8.  Although Burson does not label his allegation as an exception to the hearing judge's findings of fact, Burson alleges that, before 2011, he orally forbade lawyers at the Shapiro Firm from robo-signing. Burson testified in support of this contention at the hearing, but Burson's allegation does not appear in the hearing judge's opinion; indeed, the hearing judge expressly found that, before Burson learned that McDowell had signed trustee's deeds and affidavits on Savage's behalf, “Burson did not take any preventative action” and “took no measures to ensure that [robo-signing] did not” occur. To the extent that Burson's allegation constitutes an exception to the hearing judge's findings of fact, we overrule the exception because we “give due regard to the opportunity of the hearing judge to assess the credibility of witnesses.” Md. R. 16–759(b)(2)(B).

9.  Although McDowell did so at Savage's direction, it is not a defense to a violation of the MLRPC “that the lawyer acted at the direction of another person[,]” MLRPC 5.2(a), unless the lawyer “act[ed] in accordance with a supervisory lawyer's reasonable resolution of an arguable question of professional duty.” MLRPC 5.2(b). McDowell does not contend that it was reasonable for Savage to believe that it was not improper for one lawyer to sign trustee's deeds and affidavits on another lawyer's behalf.

10.  Under certain circumstances, MLRPC 5.1(c) makes one lawyer vicariously responsible for another lawyer's violation of another MLRPC; thus, technically speaking, a lawyer cannot violate MLRPC 5.1(c) itself.

11.  Under certain circumstances, MLRPC 5.3(c) makes a lawyer vicariously responsible for a nonlawyer's conduct that, if performed by lawyers, would constitute a violation of another MLRPC; thus, technically speaking, a lawyer cannot violate MLRPC 5.3(c) itself.

12.  In filing the Joint Petition for Reprimand by Consent, McDowell apparently abandoned his recommendation that we dismiss the charges against him. To the extent that the motion to dismiss remains before us, we deny the motion to dismiss.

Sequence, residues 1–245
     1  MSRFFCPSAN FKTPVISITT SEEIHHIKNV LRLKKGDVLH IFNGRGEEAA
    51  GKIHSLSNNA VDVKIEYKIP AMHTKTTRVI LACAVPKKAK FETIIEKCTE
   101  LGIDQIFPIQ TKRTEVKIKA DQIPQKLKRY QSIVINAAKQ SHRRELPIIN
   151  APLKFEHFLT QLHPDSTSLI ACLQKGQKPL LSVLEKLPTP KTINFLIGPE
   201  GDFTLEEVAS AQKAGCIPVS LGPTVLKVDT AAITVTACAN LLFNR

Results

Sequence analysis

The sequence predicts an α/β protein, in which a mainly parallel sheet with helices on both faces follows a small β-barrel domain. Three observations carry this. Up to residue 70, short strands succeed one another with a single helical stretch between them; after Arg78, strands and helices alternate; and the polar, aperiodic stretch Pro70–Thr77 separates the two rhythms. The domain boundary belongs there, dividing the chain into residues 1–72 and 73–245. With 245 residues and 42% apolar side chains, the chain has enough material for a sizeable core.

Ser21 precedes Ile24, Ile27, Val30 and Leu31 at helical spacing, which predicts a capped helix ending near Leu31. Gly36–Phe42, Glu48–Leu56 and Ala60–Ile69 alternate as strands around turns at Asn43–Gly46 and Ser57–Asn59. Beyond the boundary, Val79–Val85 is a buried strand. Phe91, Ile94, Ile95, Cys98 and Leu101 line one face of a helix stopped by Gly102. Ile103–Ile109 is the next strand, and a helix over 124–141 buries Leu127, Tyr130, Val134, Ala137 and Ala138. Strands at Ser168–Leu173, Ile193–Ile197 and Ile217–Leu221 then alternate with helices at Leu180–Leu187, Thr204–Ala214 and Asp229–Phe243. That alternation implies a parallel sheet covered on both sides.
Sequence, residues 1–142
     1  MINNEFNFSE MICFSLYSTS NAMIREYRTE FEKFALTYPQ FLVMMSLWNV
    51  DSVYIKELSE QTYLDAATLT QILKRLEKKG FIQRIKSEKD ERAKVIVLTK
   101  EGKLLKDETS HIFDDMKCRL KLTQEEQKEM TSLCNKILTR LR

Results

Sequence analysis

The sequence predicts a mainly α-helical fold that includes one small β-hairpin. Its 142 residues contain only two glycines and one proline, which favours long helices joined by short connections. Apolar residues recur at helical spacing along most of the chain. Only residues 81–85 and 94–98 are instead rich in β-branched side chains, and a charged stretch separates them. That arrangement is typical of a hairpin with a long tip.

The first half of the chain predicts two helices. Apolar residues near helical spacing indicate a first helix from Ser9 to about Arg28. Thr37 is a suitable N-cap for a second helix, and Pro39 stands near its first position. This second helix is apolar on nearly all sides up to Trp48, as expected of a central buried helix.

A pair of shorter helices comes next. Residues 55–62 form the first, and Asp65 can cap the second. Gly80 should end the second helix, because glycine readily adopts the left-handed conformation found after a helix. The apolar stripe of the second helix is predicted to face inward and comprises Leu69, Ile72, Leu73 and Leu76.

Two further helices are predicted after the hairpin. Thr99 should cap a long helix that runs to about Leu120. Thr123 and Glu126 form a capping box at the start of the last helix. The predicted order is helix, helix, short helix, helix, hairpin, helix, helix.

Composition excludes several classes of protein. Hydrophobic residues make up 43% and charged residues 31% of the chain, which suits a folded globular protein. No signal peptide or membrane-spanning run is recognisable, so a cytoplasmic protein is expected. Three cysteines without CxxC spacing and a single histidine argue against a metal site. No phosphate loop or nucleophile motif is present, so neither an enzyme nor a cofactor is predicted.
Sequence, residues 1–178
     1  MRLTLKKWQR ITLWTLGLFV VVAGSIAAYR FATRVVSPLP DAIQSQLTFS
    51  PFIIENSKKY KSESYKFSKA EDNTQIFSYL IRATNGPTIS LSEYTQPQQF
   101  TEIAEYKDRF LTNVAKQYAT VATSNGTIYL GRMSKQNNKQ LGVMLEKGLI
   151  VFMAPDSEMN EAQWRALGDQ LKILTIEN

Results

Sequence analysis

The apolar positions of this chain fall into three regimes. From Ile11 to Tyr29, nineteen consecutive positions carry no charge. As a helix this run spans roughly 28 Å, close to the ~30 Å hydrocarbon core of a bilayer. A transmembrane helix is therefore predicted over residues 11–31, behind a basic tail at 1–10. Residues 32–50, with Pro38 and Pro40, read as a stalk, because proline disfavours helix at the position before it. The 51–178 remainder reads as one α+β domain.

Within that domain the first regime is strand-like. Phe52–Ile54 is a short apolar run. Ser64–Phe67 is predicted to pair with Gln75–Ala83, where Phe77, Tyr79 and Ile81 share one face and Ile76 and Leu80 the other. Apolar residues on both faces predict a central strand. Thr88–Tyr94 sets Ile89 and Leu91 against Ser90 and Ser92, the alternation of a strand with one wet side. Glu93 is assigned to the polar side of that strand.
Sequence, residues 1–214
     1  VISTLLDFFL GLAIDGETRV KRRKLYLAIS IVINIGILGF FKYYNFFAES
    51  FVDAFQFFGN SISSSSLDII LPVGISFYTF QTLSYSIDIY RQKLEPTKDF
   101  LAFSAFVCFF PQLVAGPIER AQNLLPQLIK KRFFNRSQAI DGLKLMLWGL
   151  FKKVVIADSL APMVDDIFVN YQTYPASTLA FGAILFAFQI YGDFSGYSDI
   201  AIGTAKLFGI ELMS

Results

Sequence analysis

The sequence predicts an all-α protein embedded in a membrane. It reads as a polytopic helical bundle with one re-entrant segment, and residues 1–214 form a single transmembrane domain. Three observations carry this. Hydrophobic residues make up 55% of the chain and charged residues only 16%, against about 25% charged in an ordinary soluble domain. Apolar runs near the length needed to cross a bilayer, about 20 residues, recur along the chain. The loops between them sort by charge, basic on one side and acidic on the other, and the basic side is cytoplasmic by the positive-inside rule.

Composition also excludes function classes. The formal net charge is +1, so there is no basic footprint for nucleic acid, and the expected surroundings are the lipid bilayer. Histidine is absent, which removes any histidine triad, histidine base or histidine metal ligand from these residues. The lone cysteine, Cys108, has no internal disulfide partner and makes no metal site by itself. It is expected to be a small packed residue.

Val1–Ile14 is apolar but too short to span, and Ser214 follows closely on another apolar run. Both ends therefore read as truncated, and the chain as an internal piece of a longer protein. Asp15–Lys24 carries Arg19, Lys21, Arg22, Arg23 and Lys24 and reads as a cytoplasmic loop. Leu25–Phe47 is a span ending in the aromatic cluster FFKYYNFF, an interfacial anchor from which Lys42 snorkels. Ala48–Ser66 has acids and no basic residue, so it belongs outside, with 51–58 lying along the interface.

13.  In contending that we should reprimand them, Burson and McDowell point out that the Commission reprimanded Savage for “permitting the execution of documents in his name when not personally signed by him [.]” “A reprimand by the Commission does not constitute precedent, and thus does not bind this Court in subsequent attorney discipline proceedings.” Attorney Grievance Comm'n v. Greenleaf, ––– Md. ––––, ––– A.3d ––––, Misc. Docket AG No. 2, Sept. Term, 2013, 2014 WL 1998712, at *9 n. 18 (Md. May 16, 2014). Simply put, this Court has no control over whether the Commission reprimands a lawyer. Thus, at oral argument, McDowell's counsel raised a red herring in contending that imposing a sanction that is greater than a reprimand would be inconsistent with this Court's jurisprudence. The Commission's reprimand of Savage plays no role in our determination of the appropriate sanctions for Burson's and McDowell's misconduct.

14.  “[I]n determining an appropriate sanction,” this Court often considers the ABA Standards. Attorney Grievance Comm'n v. McDonald, 437 Md. 1, 45, 85 A.3d 117, 143 (2014) (citation omitted).

15.  As noted above, generally, it is not a defense to a violation of the MLRPC “that the lawyer acted at the direction of another person.” MLRPC 5.2(a). That said, in determining an appropriate sanction for a lawyer's misconduct, this Court considers “the lawyer's mental state [.]” ABA Standards at III.C.3.0. Thus, a lawyer who engages in misconduct at another's direction might receive a lesser sanction than a lawyer who engages in misconduct on the lawyer's own initiative. See Attorney Grievance Comm'n v. Sudha Narasimhan, ––– Md. ––––, ––– A.3d ––––, Misc. Docket AG No. 77, Sept. Term, 2012, 2014 WL 2154057, at *8 n. 9 (Md. May 23, 2014) (“[T]o the extent that [another lawyer]'s conduct played a role in [a lawyer's] violation [of an MLRPC], such a fact could be considered in determining the appropriate sanction, but would not affect whether or not [the lawyer] violated a particular MLRPC.”).

WATTS, J.